Is Small the new Big?
The other evening, we were in downtown Salisbury, a small town near our small town of Concord. We noted, gasp, people walking in the downtown area . . . after 6:00 PM. We came out of the local community playhouse, after an enjoyable performance, and we went into a wine bar—blues café next door. We saw, again, gasp, people seated at tables, sipping a glass of wine and listening to a live blues singer-guitarist. And this was, mind you, nearing 10:00 PM, when all good local small town folks are supposed to be safely tucked in their Wal-Mart-inspired bedrooms.
The next day, we were on our regular 4.5 mile walk, and as we entered our downtown Concord’s main street, we went into the local Chocolatiere shoppe. Yep, right there in downtown Concord, we have a shopkeeper who hails from France and who makes fantastic chocolate desserts, and who is, by his own standards, doing fine in terms of his business.
Our local Italian restaurant across the street, Gianni’s, hosted a wine pairing dinner last week—pairing each of seven courses with a compatible wine. Think of that, a wine pairing dinner, accompanying Italian cuisine worthy of Manhattan, right here in our small town of Concord, a town previously noted for being boxed in by, not one, but two Wal-Mart’s. And Gianni’s is also doing fine, despite the economy and the normal winter doldrums.
If you think you might need to visit Asheville so you can buy a truly unique gift for someone close, hold on, we have a small, local unique gift shop in our small town of Concord. Little Feather bills itself as "the shop that means you don't have to visit Asheville". Little Feather is also holding its own in our current depression. You can't buy its gift items at Wal-Marts.
On many Saturdays, we also go to a Farmers' Market In Charlotte, where we buy meat, eggs and other food products from local, "Slow-Food" activist farmers. We buy beef, pork, chickens, goat, ostrich, local green vegetables, and other products directly from people who actually grow and produce these products. None of the people have large, industrial farms. Nope, they're all small farmers who farm using sensible and largely organic approaches. Their products are not available at Wal-Marts.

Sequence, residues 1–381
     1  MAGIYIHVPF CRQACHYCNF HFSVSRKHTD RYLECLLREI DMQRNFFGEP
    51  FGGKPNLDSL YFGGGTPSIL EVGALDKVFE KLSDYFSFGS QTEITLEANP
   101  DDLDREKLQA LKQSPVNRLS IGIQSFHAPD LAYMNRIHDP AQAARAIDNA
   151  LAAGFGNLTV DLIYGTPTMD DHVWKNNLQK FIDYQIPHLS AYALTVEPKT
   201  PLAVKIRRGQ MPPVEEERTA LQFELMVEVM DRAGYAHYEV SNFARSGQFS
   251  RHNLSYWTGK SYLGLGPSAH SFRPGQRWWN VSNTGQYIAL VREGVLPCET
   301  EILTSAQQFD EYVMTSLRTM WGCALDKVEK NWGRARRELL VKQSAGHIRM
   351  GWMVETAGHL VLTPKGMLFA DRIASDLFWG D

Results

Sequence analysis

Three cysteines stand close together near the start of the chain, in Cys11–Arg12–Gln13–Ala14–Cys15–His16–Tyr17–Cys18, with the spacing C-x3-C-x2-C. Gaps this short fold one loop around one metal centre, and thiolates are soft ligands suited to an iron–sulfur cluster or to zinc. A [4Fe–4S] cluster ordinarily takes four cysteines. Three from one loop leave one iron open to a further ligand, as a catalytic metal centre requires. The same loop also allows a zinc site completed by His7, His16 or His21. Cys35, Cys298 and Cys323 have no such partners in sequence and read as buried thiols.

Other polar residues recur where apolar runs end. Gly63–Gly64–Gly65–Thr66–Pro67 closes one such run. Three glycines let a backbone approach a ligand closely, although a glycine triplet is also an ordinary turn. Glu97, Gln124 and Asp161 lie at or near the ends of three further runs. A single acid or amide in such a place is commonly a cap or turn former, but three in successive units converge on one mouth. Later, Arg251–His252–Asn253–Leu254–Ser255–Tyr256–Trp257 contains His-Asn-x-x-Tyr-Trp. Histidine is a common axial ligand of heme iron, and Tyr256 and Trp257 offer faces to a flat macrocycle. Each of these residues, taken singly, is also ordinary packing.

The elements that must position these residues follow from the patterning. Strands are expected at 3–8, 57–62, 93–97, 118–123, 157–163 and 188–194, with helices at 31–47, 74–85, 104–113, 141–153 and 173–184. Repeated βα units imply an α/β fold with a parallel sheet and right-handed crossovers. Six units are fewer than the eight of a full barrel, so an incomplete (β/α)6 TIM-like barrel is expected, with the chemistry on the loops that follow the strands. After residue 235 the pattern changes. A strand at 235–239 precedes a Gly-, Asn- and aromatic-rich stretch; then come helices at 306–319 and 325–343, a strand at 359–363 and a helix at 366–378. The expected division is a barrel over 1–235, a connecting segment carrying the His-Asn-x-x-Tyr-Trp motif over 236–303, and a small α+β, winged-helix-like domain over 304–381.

Conversely, my wife and I were at one of our many mall shopping centers, and we noted the closed shops there—not one, but many. The economic depression, brought on Bush and his greedy banker friends, has begun biting large corporate America in the ass.
Makes me wonder about the possibilities of small town regeneration. Maybe, if we really could tune out Fox News and all that TV noise, and begin reading books again, we could return to that yesteryear, when small towns were mostly all that we had, and local folks actually shopped at small, local shops, attended small, local restaurants, and enjoyed the aspects that make small towns each a unique cultural experience. The homogenization of America as propagated by large malls, super-size-me fast food franchises, and Made in China Wal-Mart crap products might actually be reversed.
A small town might actually exist near you, if you look. Go ahead, look, the shops won’t bite you. They might even surprise you. You might get to like life in a small town again.